Rady PhD candidate working to enrich ERs
After working as an emergency nurse around the world for nearly 15 years, it became clear to Sarah Filiatreault that changes needed to be made to enhance care.
A recipient of the Canadian Nurses Foundation Dr. Ann C. Beckingham Award and Canadian Institutes of Health Research (CIHR) Frederick Banting and Charles Best Canada Graduate Scholarship – Doctoral Research Award, Filiatreault has dedicated her career to learning how best to improve ERs.
While at the Canadian Association for Health Services and Policy Research (CAHSPR) conference in May, 2018, Filiatreault learned more about UM’s Manitoba Centre for Health Policy (MCHP) leading her to enroll in a PhD in community health sciences in the Max Rady College of Medicine shortly after completing her Master of Nursing at the University of New Brunswick.
Feeling like community health sciences and MCHP could be the perfect fit for what she hoped to research, Filiatreault made the leap from Fredericton to Winnipeg.
You were working as a nurse for nearly 15 years. What inspired you to pursue your PhD in community health sciences at UM’s Rady Fady Faculty of Health Sciences?
When I finished my master’s degree at UNB, I wanted to challenge myself and do something other than nursing with a specialization in big data and administrative data. I thought community health sciences would be a good fit because it’s an interdisciplinary program.
I spent over a decade of my career working in a large tertiary care emergency department in Alberta, mostly working at triage or in charge of the department. I was on quality improvement committees seeing really sick people waiting for long periods, or seeing gaps in overall quality of care. I realized a system change is needed to improve quality, but I couldn’t effect meaningful change from within the system. I realized I needed to go back to school and do the research to effect change at a higher level.
What’s the main focus of your research?
For my PhD research I’m developing a set of quality measures to monitor and evaluate the quality of delirium care older adults receive in the emergency department. It was borne out of my passion for improving the quality of emergency care in general.
While I was working on the frontlines in ERs in Canada and internationally, I became passionate about improving the quality of care beyond time targets. We all hear a lot about wait times. Timeliness is important but my research focuses on other care we give while someone is in the emergency department.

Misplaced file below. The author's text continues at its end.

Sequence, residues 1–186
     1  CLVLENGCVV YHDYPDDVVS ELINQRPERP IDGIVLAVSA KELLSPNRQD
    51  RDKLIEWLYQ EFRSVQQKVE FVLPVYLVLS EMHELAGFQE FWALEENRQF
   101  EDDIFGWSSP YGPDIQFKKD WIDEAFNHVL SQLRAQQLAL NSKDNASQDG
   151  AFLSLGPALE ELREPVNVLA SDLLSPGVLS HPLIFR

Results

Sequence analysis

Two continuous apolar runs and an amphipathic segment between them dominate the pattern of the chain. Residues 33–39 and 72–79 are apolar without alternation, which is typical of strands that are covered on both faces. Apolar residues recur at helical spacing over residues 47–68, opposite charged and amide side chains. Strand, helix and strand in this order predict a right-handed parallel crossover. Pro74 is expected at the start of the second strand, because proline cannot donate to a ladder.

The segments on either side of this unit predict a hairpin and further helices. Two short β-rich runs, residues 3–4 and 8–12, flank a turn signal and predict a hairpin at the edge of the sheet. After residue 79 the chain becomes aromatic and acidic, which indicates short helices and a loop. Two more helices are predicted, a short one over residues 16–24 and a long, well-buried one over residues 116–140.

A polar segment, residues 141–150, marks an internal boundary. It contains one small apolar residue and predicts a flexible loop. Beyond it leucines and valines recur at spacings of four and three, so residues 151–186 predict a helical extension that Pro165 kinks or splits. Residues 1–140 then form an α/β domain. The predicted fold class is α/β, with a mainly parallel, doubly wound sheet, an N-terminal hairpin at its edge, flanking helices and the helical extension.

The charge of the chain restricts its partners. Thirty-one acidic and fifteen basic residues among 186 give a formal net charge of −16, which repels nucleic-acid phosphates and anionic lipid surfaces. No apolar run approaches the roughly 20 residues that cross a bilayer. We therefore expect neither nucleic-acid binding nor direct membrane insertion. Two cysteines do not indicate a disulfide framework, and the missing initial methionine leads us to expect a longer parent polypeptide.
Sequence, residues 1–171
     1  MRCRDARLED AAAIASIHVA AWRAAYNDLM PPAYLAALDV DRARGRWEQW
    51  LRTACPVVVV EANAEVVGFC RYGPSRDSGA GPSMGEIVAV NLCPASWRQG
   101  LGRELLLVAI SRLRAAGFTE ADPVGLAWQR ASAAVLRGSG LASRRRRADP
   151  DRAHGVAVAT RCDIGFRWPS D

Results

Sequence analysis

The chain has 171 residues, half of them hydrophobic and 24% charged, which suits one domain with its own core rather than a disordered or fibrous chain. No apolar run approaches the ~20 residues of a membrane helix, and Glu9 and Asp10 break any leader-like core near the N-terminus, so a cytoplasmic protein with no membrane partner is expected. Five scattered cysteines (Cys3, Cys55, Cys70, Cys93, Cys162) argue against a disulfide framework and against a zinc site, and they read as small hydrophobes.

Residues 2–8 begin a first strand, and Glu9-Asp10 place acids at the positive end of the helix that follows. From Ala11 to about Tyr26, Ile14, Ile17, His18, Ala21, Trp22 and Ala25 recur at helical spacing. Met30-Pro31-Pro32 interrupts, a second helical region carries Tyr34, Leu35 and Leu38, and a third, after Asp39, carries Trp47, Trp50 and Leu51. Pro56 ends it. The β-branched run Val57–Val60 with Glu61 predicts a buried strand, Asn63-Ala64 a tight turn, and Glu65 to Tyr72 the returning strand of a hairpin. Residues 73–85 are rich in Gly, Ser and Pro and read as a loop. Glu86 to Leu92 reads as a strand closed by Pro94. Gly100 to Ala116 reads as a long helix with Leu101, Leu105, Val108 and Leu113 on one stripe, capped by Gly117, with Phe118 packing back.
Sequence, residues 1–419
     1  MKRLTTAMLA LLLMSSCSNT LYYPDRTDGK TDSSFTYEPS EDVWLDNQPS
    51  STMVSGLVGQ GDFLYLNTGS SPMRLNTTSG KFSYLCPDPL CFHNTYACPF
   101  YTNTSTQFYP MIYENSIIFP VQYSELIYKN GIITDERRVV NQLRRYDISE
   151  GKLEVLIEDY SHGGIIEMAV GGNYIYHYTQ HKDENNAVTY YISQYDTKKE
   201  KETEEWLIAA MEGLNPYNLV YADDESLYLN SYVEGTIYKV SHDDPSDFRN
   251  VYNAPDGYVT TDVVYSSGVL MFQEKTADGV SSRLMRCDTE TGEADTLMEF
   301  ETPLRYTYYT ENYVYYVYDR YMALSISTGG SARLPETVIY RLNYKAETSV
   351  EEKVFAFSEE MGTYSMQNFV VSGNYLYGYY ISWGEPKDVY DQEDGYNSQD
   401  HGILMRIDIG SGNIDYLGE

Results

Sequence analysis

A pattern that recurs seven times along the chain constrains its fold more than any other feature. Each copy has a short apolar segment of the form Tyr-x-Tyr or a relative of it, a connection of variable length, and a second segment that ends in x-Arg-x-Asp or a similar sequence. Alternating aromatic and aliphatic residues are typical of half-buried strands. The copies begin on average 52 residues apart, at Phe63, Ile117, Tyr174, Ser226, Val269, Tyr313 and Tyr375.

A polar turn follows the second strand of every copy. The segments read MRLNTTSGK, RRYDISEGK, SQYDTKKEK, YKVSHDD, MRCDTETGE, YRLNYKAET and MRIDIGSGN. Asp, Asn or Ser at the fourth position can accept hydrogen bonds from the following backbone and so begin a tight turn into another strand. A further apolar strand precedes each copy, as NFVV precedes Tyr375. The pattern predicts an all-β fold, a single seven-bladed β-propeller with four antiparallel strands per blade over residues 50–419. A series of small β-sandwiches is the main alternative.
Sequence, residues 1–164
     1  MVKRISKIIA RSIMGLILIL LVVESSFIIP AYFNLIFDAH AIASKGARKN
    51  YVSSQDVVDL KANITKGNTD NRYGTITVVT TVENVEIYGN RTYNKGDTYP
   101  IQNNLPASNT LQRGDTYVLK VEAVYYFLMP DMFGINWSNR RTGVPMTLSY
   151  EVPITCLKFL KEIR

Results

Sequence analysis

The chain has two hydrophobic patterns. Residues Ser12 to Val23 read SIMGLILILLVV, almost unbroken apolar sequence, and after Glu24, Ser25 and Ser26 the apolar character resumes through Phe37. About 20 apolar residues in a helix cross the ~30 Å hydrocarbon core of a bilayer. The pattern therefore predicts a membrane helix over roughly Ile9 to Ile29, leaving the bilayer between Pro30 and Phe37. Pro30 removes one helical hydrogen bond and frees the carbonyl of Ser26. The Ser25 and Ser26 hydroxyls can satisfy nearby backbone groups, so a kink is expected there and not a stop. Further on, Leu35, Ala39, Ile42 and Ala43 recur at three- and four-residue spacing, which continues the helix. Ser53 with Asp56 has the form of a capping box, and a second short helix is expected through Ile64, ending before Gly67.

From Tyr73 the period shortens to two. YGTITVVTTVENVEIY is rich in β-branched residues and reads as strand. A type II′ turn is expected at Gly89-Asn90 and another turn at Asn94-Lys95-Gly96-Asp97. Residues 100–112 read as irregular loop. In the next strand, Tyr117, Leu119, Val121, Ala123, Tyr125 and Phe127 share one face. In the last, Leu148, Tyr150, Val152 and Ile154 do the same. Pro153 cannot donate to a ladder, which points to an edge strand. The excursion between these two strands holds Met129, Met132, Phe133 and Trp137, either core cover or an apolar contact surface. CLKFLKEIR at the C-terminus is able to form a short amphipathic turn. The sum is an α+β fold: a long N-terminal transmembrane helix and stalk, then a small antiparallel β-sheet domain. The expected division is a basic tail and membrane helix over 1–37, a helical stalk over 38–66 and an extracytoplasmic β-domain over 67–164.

It’s important to monitor and evaluate what’s going on inside the emergency department because the care someone receives there can affect their outcomes throughout the healthcare trajectory. Before we can actually know what we need to do to increase the quality of care, we need mechanisms to monitor and evaluate practice performance currently so we can identify those gaps and variations in quality of care to focus improvement strategies where they’re most needed.
You’ve worked in Canada, Australia and the UK. What has working at all these different places taught you about the health-care system?
You learn that there is more than one right way to do things. Every place does things differently, so it really increases your skills toolbox. You learn to be more adaptable.
I also learned it doesn’t really matter where you live. All health-care systems are struggling with similar issues.
What has been most rewarding during your time at UM?
My time as the Student Co-Lead of the student engagement committee at MCHP. It’s allowed me to connect with the student and researcher community and learn so much about cool research that’s going on at MCHP. It really promotes a collaborative environment.
What are your plans once you finish your PhD?
I want to keep that door open and be open to all the opportunities that present themselves. That being said, I’m hoping to continue to work with MCHP to enhance emergency department data reliably collected and stored to be used for research.